Dynamics of magma mixing and degassing recorded in plagioclase at Stromboli (Aeolian Archipelago, Italy)
P. Landi 1, N. Métrich 2, A. Bertagnini 1, M. Rosi 3
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Dynamics of magma mixing and degassing recorded in plagioclase at Stromboli (Aeolian Archipelago, Italy)

Figure: a.) Back-scattered electron images of plagioclase xenocrysts in pumice of Stromboli. Typical crystal mantled by sieve textured rim ≈ 100 µm large with dissolution surface, cutting the oscillatory zoning layers, at the boundary between the internal part of the crystal and the corona; b.)Back-scattered electron images of plagioclase phenocryst from Stromboli scoriae and its representative compositional traverse from the rim to the approximate core. Crystals are cut nearly parallel to (010) through the approximate geometric center.

Crystal-rich materials (scoriae and lava flows) emitted during the 1985-2000 activity of Stromboli were taken into consideration for systematic study of bulk rock/matrix glass chemistry and in particular for the study of chemical and textural zoning of plagioclase, the most abundant mineral phase. Over the considered time period, bulk rock composition remained fairly constant in both major (SiO2 49.2-50.9 wt% and K2O 1.96-2.18 wt%) and trace elements. The quite constant chemistry of matrix glasses also indicates that the degree of crystallization of magma was maintained at around 50 vol%. Plagioclase ranges in composition between An62 and An88 and is characterized by alternating, <10-100 µm thick, bytownitic and labradoritic concentric layers, although the dominant and representative plagioclase of scoriae is An68. The labradoritic layers (An62-70) show small-scale (1-5 µm), oscillatory zoning, are free of inclusions, and appear to record episodes of slow crystal growth in equilibrium with a degassed liquid having the composition of the matrix glass. In contrast the bytownitic layers (An70-An88) are patchy zoned, show sieve structure with abundant micrometric glass inclusions and voids, and are attributed to rapid crystal growth. A key to understand the origin of bytownitic layers can be retrieved from the texture and composition of the coronas of plagioclase xenocrysts, inherited from crystal-rich magma, in nearly aphyric pumice which are erupted during more energetic event and represent a deep, volatile-rich, HK-basaltic magma. They show a continuum from fine-sieve to evident skeletal texture from the inner to the outer part of the corona associated with normal compositional zoning from An90 to An75. In the light of these observations, we propose that input of H2O-rich melt blobs, and their mixing with the residing magma, causes partial dissolution of the labradoritic layers followed by the growth of bytownitic composition whose sieve texture attests of rapid crystallization occurring under undercooling, conditions mainly induced by degassing. As a whole, the zoning of plagioclase in the scoriae records successive and discrete intrusions of volatile-rich magma blobs, its degassing and mixing with the resident degassed magma at shallow level. 1 Istituto Nazionale di Geofisica e Vulcanologia, Pisa, Italy 2 Laboratoire Pierre Süe, CEA-CNRS, CE-Saclay, 91191 Gif /Yvette, France 3 Dpto di Scienze della Terra - Universita’ degli Studi di Pisa, Pisa, Italy Publication Contributions to Mineralogy and Petrology 2004, 147, 213-237.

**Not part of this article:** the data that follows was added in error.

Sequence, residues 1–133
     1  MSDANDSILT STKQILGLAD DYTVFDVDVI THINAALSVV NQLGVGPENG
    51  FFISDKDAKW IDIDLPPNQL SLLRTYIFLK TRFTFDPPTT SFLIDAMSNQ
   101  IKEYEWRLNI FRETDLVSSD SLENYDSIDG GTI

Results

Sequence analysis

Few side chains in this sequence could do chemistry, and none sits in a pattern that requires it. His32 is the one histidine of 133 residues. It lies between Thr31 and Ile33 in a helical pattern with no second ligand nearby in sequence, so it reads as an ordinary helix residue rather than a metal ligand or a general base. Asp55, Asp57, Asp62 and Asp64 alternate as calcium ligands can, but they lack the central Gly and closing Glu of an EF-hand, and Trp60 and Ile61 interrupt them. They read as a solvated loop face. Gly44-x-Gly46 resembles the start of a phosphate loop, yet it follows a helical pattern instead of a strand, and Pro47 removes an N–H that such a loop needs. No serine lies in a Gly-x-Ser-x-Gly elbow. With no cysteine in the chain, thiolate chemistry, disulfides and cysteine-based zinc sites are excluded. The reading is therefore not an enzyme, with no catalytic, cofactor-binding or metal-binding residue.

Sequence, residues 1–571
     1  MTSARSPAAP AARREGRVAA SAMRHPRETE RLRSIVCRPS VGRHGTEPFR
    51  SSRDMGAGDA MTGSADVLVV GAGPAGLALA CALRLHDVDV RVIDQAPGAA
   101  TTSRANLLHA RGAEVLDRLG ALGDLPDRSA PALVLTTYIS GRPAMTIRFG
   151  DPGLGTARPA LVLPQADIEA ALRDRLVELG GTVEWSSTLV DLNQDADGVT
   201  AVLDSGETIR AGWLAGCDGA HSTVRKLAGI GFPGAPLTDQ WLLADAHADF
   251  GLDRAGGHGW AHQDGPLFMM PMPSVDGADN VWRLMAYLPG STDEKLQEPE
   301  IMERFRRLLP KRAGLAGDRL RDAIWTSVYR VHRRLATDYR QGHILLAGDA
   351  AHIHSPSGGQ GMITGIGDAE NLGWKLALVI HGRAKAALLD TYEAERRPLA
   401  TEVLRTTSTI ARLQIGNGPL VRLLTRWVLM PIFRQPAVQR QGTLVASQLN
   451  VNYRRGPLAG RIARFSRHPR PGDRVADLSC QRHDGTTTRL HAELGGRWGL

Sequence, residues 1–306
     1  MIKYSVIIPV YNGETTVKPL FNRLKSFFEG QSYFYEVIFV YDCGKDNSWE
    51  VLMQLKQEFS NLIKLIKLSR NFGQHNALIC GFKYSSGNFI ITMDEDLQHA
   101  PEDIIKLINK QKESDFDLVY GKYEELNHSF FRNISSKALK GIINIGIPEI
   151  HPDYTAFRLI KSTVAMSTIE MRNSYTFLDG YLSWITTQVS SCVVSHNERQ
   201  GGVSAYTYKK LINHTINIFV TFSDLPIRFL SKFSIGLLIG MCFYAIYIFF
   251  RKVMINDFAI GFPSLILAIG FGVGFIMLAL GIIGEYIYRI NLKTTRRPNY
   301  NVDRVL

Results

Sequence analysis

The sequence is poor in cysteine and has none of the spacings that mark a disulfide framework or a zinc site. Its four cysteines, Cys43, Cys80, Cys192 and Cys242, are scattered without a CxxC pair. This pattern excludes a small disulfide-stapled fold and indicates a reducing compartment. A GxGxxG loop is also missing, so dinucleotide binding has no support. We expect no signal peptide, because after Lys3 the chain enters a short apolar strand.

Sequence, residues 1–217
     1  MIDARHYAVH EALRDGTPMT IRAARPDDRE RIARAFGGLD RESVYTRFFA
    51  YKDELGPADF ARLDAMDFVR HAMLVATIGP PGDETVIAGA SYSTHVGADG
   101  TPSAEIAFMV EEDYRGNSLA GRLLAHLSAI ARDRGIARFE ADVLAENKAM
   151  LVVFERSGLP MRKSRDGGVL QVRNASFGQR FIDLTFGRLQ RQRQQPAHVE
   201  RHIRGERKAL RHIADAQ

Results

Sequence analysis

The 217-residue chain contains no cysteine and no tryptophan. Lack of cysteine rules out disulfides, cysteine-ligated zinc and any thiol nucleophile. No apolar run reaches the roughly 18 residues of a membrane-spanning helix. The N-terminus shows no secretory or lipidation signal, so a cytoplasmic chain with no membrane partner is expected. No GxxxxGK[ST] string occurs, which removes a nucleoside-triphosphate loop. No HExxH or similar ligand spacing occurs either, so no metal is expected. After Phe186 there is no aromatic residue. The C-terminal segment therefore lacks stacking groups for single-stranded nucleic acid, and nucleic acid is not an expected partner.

#510 - Màj : 03/08/2005


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